For the office, we want emphasis on the interviewed character, but we also want the background to have lighting possibilities that can act light the lights of a theatre stage. As distractions or other mechanics occur in the background, different lights will be able to subtly turn up and light the area. Otherwise those areas will be slightly dimmed, giving our interview area and the desk the greatest amount of light, and the faint glow of the skyline through the windows.

Katie Freeman made edits on her office environment concept art to get an idea of what we will want to do in Maya for lighting.

For the debriefing room we plan to have it brightly lit like a classroom. 
Jose Morales did a quick layout using the props he has modeled so far, added area, directional, and point lights in Maya, then did a paintover in Photoshop to get a feel for the type of lighting we want to aim for. Take a look!

For the lineup phase, we met the challenge of wanting dramatic shadows on the back walls but not wanting dramatic shadows pulling down at the faces of our characters. To avoid this and get the look we want, the back wall will be lit in the game engine, then the 2D character cards will sit in front of it with enough distance that they aren't hit by the lights for the background (the lights will sit right up against the background card). Then they'll have their own light on their faces, simultaenously lighting them and creating the dramatic character shadows on the back wall.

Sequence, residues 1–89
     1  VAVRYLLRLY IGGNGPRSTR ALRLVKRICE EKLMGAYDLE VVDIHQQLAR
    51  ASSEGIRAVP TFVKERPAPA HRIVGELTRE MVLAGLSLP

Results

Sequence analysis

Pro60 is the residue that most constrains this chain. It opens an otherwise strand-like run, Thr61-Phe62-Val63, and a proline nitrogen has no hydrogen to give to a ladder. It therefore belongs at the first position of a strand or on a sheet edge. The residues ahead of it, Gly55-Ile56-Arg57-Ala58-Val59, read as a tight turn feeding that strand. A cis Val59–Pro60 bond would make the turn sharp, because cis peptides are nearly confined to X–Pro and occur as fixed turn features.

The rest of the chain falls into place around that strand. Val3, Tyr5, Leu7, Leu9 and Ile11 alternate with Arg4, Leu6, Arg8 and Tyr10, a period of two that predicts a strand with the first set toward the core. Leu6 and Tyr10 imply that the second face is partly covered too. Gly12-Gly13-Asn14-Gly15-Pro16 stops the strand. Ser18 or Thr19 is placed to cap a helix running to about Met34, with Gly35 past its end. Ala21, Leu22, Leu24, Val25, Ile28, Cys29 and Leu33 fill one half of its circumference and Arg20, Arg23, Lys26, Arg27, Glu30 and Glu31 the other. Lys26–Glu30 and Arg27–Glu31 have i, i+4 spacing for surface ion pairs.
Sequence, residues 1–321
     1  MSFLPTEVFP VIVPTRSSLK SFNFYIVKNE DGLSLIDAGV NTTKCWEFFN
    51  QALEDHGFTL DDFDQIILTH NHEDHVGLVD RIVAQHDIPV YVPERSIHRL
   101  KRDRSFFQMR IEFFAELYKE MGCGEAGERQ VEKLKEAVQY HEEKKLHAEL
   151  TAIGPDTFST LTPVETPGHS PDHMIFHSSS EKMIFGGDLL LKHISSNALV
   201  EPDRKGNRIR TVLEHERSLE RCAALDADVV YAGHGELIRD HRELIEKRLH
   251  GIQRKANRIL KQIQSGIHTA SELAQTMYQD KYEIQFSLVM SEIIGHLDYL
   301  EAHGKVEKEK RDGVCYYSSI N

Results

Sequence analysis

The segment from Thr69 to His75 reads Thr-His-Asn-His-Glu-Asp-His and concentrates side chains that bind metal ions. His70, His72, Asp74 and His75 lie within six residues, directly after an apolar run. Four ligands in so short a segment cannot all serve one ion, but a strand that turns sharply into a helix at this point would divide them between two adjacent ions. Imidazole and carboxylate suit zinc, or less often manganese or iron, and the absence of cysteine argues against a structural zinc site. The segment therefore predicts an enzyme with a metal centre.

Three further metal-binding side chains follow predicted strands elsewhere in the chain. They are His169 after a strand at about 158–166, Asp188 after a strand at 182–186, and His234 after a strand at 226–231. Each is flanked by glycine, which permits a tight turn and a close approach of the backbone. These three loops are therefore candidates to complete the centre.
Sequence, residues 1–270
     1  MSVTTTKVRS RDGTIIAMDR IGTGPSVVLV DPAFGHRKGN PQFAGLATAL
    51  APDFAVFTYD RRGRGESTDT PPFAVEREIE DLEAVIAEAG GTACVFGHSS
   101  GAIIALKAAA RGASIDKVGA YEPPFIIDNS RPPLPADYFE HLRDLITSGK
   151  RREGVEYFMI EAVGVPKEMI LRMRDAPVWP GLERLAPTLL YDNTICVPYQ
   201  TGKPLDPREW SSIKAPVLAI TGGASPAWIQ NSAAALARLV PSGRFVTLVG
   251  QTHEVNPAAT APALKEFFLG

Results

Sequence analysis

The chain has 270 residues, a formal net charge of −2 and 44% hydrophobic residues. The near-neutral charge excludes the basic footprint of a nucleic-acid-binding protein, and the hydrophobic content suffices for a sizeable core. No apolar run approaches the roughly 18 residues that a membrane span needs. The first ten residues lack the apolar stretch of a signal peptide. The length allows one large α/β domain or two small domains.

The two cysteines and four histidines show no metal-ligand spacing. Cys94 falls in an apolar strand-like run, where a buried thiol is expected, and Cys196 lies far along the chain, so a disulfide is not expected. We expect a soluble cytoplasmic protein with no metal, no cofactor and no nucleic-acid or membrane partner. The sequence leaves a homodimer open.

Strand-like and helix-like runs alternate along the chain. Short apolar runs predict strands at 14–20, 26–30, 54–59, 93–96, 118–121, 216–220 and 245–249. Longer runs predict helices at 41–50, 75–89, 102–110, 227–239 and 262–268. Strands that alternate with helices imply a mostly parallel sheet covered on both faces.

Here's a screenshot from our original prototype showing the type of lighting we plan to accomplish:

Saturday, February 13, 2016

UI Design Example

We are continuing to design and add to the user interface based on what our Production Designers need! Here's a video by Katie Freeman showing some of the design ideas at the moment for the Office play screen (where you interview the characters before the lineup), along with some really basic movement to give an idea of how they might animate in the game.

The current design ideas include:

  • A moving arm when the player touches the sketch pad.
  • A pencil-eraser swap that includes a "button" of the tool that is not in use (so you can swap out again) in the sketch zone and the object in use shows up in the moving hand.